How many audio companies (or companies...period) have started up with the determination to swim against the tide, to smash the old paradigms. To be rogues in a world of conformists? We have admiration for those who hang out the pirate flag. That same concept was at the origin of UHF, some 18 years ago.
And at the origin of Rogue Audio as you can imagine. Their purpose (or their "mission statement" in current Newspeak): to bring superior tube electronics to music lovers at a price that the dedicated music lover can afford without stooping to insider trading. Well, we're paraphrasing.
If you've been reading this issue linearly, front to back (which isn't precisely in line with the pirate flag tradition), you'll already be aware that the Chinese have the inside track for this. Indeed, China has long been a major source of tubes for high end audio, and its labor costs are among the world's lowest. Its tubes are used by designers all over the world, however, including a great number in the US.
The Rogue Eight-Eight (the company prefers the full spelling) is a large amplifier, and it is especially deep, possibly deeper than some consumers can find room for. Remove the cover, and you may wonder why this is so. There's a lot of space around the four 6550 output tubes, and around the transformers. Of course, more space means less heat buildup and therefore longer life for the components, but even so Rogue has added a small fan to move the air around. The fan is quiet -- quieter than our belt-driven CD transport in fact -- but it could be obtrusive if you sit close to the amplifier in a very quiet room.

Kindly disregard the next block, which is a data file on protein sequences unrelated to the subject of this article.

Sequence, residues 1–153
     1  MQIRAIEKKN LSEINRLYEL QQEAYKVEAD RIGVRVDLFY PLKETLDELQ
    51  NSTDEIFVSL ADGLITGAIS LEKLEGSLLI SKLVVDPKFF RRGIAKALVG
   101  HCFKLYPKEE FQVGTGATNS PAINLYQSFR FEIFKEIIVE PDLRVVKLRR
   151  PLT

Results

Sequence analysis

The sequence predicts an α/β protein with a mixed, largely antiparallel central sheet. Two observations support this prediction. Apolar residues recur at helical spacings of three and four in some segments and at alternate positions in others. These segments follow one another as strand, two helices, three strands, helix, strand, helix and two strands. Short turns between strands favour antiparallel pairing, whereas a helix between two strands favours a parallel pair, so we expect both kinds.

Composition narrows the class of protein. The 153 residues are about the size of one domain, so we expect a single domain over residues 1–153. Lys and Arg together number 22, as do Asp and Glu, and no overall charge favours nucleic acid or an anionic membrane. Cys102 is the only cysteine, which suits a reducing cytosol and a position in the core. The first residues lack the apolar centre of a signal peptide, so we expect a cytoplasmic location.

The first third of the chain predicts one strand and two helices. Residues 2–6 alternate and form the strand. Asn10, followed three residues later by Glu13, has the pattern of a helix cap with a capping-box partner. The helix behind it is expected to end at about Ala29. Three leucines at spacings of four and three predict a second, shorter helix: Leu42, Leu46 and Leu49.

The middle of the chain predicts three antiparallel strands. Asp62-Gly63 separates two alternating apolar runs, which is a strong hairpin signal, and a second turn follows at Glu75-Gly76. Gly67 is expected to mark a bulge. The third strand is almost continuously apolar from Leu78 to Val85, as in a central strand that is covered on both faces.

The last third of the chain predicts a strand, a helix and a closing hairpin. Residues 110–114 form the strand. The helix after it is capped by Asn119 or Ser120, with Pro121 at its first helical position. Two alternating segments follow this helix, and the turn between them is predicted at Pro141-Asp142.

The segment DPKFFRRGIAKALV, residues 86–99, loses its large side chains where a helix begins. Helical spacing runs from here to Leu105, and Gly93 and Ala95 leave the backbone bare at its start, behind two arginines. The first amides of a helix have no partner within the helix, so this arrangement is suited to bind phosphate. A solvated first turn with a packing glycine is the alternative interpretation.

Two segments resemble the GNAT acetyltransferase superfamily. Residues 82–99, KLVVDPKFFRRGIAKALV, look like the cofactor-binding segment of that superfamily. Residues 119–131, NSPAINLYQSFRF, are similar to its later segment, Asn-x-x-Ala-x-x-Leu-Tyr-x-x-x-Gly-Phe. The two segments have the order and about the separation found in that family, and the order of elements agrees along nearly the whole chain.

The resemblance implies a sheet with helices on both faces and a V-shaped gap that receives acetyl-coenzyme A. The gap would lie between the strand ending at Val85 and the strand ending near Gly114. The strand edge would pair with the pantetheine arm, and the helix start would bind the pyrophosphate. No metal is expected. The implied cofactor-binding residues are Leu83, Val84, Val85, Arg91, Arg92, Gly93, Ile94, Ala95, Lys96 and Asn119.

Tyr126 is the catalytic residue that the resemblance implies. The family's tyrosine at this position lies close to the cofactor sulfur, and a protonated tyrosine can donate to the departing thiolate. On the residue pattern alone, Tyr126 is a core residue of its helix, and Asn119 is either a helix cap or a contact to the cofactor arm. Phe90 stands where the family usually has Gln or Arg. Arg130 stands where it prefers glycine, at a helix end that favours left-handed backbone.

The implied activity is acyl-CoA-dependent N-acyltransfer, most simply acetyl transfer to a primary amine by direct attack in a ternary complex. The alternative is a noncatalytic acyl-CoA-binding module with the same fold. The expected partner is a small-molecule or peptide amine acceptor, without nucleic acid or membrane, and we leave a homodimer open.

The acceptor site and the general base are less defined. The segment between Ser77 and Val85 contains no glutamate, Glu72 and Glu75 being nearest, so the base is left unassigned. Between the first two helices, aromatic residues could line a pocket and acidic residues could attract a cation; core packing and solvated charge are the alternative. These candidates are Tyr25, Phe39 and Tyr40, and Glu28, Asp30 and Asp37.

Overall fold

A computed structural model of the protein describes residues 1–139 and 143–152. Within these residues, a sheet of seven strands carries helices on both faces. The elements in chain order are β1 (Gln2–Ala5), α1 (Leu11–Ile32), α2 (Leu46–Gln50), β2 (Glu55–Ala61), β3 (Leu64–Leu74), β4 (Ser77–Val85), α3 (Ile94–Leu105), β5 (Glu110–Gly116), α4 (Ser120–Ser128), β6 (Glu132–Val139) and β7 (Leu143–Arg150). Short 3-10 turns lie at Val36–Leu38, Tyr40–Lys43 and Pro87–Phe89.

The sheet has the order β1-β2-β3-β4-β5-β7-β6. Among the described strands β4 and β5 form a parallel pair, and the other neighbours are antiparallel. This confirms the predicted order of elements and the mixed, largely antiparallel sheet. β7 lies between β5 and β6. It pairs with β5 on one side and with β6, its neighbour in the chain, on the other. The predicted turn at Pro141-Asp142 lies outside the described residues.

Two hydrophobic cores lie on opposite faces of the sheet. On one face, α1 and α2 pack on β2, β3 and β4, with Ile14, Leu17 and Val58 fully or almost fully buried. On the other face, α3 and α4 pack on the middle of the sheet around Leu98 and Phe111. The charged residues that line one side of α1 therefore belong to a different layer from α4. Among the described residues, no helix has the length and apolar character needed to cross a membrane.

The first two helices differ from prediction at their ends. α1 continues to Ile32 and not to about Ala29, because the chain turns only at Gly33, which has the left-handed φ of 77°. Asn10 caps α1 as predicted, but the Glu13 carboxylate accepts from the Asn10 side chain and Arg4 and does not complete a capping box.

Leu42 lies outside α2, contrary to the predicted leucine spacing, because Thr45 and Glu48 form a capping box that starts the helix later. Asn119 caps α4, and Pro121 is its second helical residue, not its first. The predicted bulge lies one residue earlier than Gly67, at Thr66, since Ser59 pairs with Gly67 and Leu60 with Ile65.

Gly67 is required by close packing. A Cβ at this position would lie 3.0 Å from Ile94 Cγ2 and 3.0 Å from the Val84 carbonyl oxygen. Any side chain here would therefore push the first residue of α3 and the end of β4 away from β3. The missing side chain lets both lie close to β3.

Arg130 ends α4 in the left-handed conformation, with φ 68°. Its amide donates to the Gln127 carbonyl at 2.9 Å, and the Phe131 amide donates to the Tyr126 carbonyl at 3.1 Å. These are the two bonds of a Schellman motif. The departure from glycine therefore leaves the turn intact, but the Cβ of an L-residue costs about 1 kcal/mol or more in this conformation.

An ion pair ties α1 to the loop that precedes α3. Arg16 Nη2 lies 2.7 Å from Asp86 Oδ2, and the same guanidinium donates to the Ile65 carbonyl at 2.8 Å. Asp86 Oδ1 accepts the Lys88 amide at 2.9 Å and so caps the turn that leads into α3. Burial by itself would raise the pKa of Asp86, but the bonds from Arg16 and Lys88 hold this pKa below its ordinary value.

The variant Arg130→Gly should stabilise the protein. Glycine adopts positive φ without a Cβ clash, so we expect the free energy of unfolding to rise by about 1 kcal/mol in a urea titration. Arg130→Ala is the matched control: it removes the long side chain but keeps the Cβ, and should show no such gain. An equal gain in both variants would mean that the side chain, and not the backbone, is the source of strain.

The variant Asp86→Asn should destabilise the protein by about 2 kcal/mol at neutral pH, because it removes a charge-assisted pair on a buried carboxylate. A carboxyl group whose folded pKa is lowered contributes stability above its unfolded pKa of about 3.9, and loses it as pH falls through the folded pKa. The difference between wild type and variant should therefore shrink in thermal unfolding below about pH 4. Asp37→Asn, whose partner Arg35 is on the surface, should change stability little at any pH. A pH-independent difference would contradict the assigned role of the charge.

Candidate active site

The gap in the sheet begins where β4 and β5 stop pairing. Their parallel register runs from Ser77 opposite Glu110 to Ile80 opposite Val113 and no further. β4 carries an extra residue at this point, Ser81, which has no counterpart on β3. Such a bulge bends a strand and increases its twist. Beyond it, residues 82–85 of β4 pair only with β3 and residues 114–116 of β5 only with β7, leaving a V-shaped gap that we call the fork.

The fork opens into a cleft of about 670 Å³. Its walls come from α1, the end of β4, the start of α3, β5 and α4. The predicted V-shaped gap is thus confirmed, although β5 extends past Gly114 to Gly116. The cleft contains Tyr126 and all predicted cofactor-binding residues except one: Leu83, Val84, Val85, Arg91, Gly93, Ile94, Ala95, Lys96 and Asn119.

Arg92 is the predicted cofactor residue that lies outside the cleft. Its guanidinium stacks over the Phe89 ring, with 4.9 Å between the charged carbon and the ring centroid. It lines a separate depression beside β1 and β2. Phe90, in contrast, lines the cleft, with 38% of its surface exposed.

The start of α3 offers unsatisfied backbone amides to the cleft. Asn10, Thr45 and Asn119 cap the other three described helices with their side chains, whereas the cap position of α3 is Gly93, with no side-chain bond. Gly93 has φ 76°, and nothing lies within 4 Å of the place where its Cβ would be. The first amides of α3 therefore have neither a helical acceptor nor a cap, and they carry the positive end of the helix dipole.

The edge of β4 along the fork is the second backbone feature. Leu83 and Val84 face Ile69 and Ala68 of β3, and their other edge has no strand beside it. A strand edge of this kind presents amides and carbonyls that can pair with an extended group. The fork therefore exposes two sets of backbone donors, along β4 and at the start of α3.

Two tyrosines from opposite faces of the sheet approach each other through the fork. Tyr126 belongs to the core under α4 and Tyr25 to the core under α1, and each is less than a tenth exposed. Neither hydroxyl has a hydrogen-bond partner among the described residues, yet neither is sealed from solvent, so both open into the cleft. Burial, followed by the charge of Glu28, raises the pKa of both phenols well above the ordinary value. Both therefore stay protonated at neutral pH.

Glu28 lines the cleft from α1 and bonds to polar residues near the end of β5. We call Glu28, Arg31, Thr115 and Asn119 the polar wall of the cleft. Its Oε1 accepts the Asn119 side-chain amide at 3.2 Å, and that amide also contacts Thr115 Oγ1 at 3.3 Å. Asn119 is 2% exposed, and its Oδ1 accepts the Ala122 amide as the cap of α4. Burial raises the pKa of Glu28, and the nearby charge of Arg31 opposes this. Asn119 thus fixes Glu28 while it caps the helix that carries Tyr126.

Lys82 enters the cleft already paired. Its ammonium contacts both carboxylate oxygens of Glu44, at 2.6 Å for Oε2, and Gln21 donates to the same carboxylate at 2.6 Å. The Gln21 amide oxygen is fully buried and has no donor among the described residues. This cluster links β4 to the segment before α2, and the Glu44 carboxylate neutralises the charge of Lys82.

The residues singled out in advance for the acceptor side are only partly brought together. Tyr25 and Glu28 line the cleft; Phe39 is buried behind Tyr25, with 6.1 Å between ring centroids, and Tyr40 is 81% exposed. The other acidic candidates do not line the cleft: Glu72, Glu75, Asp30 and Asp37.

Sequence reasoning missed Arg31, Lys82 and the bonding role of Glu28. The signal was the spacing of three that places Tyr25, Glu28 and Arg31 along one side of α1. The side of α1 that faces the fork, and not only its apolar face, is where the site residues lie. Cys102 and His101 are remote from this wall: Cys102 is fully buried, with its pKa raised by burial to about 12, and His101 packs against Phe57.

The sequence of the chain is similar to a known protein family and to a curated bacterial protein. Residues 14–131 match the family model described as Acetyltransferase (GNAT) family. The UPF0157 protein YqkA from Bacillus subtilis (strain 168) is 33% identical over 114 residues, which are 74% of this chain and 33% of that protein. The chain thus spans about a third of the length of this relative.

The chassis itself is U-shaped, and of fairly thin metal for such a big structure. To support the weight of the transformers, a heavy metal plate has been bolted to one side of the chassis, with the transformers mounted on that.
The 6550 tube is a common power pentode, related to the seldom-used 6L6, but not many designers use it as a pentode. Either they tie the plate and the screen grid together, to make it into a triode (for better linearity, though less power), or else they use the "Ultralinear" principle: the screens are connected to special taps on the output transformer, thus operating midway between triode and pentode mode. Rogue has elected to let you make the decision: a set of switches can be thrown in order to choose the operating mode. The 88 is rated at 60 watts in Ultralinear operation, but drops to 30 watts in triode mode.
You won't be switching after every record, though, because this is not a front panel operation. There are in fact four tiny switches right on the circuit board. You take off the cover, you shut off the power, and you put your hand into the large chassis, being careful to avoid a tube burn or worse, and you flip all four switches. Those switches are, by the way, the only adjustment provided. There are no bias controls to reset when you change tubes, because the system used (known as cathode bias) is self-adjusting.
Oh...actually there is one adjustment, and it's not external either. It is common on tube amplifiers to offer two "hot" output terminals, one for 8 ohm speakers and the other for 4 ohm speakers. Binding posts cost money, however, and this amplifier is supposed to be an economy model. The 88 is shipped adjusted for 4 ohm speakers. If you have 4 ohm speakers, you open the case, unscrew the nuts from the rear of each red binding post, connect up the appropriate wire, and then drop a sleeve over the wires you've disconnected to keep them from shorting out. It's easier to do than to describe, fortunately, and the box leaves plenty of room to work in. There's no label saying "No user-serviceable parts," because that would be way wrong.
We ran several days of break-in time on our Rogue, and pulled out our set of test discs, the same ones we had used for the other amplifiers.
(See the print issue for the details on this listening test)
PARTIAL TEXT: The Microgroove Laundry, Antique Sound Lab AQ1003, Passion I-11, Rogue 88, Jadis Orchestra Reference, Linar 250, Four Headphone Amps, Filters and Cables
FULL TEXT: Watching DVD on a Computer, Passion Kit I-10 Amplifier, State of the Art
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